UConn rowing alumni trying to save program through Title IX


STORRS, Conn. — A group of 23 rowing alumni at the University of Connecticut have filed a civil rights complaint over the decision to eliminate the women’s team as part of budget cuts in the school’s athletic department.

UConn s aid last June that it wants to reduce its athletic deficit by about $10 million a year, cutting the need for a subsidy to the Division of Athletics by 25% over the next three years. As part of that, the school decided to cut women’s rowing, men’s swimming and diving, men’s cross-country, and men’s tennis at the end of this school year.

The alumni filed their complaint Monday with the U.S. Department of Education’s Office for Civil Rights alleging UConn is in violation of Title IX, the federal law that guarantees equal participation opportunities for women in education, including sports. The women said the action was taken because the school has ignored their pleas to save the program, which they argue has played an important role in molding hundreds of young women into leaders on and off the water.

“For us, it’s about being able to raise our hands and say, ‘Hey, we want this to be taken seriously, because it is a big deal,” said Ashley Kalinauskas, who rowed from 2008-2011 and now owns her own biomedical company that creates cancer treatments for animals.

The athletes declined to make the complaint public but said they believe UConn has underrepresented the number of women would be affected by the cuts and miscalculated the gap between men and women impacted by the elimination of the four sports.

UConn spokeswoman Stephanie Reitz said the school had not been served with the complaint and could not comment on its specific allegations. But she reiterated the school’s position, which UConn President Thomas Katsouleas also outlined last month in a letter to the rowing alumni.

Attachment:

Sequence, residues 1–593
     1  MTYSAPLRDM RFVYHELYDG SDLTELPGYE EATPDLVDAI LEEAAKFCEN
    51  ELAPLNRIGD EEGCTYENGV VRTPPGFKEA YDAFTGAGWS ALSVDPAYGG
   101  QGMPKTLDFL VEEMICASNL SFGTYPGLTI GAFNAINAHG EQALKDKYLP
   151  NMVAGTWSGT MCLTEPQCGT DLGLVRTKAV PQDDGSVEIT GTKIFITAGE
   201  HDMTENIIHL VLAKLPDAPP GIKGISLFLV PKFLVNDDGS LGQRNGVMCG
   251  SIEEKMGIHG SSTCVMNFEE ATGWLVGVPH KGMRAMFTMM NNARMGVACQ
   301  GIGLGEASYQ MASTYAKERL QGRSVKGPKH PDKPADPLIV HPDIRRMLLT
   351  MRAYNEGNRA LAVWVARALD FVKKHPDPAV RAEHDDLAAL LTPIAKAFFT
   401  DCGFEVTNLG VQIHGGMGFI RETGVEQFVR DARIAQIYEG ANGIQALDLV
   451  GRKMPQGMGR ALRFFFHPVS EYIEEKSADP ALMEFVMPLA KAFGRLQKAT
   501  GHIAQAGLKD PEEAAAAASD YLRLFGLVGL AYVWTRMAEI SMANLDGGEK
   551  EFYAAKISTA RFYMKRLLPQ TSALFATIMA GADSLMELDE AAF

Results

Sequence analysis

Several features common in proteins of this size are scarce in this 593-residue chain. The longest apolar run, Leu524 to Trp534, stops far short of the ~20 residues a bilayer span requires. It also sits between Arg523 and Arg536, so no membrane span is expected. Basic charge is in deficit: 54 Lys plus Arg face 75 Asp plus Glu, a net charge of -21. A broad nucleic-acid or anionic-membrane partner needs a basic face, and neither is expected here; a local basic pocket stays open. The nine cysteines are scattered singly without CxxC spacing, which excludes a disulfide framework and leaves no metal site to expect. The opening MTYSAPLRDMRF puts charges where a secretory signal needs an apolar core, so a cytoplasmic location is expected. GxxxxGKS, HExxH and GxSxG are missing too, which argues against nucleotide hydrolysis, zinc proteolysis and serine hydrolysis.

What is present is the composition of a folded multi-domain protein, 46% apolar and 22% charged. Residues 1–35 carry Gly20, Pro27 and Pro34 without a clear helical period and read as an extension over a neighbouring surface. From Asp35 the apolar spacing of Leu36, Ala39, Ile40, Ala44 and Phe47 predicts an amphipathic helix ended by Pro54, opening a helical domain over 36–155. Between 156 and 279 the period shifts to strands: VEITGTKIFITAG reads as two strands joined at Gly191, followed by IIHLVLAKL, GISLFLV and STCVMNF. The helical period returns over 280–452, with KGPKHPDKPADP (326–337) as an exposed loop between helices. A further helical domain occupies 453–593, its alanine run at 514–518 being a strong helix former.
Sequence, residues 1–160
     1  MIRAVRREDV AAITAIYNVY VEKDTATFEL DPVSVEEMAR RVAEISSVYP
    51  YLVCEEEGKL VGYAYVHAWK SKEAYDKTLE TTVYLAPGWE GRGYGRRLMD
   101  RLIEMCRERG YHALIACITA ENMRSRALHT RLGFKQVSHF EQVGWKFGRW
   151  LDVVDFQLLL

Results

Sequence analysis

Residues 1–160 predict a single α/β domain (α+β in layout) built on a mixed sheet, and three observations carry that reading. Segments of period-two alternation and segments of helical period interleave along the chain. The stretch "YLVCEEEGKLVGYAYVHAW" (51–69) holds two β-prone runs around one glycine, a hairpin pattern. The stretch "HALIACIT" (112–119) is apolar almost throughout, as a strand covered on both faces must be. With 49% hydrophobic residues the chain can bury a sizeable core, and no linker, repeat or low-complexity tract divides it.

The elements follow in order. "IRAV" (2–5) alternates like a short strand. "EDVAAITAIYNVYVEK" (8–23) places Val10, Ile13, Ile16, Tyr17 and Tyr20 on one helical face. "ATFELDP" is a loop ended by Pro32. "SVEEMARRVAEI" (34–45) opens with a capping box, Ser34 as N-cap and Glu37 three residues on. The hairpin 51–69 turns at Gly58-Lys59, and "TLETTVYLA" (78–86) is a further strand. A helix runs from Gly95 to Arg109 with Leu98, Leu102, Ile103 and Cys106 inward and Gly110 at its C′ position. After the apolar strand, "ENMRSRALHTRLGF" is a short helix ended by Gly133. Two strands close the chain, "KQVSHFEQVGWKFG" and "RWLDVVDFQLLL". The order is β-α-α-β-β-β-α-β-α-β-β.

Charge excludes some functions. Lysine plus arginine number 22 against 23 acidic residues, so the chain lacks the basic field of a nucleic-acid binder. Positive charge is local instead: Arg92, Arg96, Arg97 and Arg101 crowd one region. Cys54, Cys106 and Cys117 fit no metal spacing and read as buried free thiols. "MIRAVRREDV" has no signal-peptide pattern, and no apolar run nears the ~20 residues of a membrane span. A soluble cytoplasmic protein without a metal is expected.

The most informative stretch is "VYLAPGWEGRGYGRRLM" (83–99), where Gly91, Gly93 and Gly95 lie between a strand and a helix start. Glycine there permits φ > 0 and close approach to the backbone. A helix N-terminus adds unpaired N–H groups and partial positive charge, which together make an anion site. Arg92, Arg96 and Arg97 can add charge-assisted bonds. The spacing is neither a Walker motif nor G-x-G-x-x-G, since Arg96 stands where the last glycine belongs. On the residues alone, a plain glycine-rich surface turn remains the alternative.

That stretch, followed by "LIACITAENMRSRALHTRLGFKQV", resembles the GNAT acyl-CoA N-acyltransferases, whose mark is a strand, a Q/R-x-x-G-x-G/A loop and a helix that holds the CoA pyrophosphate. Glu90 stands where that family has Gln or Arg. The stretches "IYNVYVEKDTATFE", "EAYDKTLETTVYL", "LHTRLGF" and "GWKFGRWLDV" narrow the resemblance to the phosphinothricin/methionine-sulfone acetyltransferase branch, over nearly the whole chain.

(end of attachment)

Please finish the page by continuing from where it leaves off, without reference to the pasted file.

“We used our best efforts to eliminate as few teams as possible,” he wrote. “Our review included a careful analysis of Title IX compliance. While I certainly understand and appreciate your disappointment that the Women’s Rowing Team was one of the four teams ultimately selected for elimination, we are confident that our actions were consistent with our obligations under Title IX.”

The school started the women’s rowing program in 1997 as a way to help offset the male scholarships needed to elevate its football team into the Bowl Subdivision.

According to the school’s annual filing with the NCAA, the rowing team has a roster of 38 rowers but had 62 participants in the program and operating expenses totaling $1,345,104 in the 2020 fiscal year. UConn rowing gave at least partial scholarships to 32 rowers at a cost of $713,417 and its coaches made a total of $196,575, according to the report.

The Office for Civil Rights allows complaints to be filed by anyone who believes there has been a violation in a program that receives federal education dollars.

“The person or organization filing the complaint need not be a victim of the alleged discrimination but may be affected by a general ‘hostile sexual environment’ or complain on behalf of another person or group,” according to OCR guidelines.

It is not clear when the office might respond to the complaint with a decision on whether it will be investigated.

UConn’s last rowing competition, the Colonial Athletic Association championship, is scheduled for May 16.

“Unfortunately, the day is nearing,” said Dana Haddad, who rowed from 2008 to 2010. “So we’re hoping, and it’s just a fingers-crossed situation, that we will hear back soon and can move forward.”

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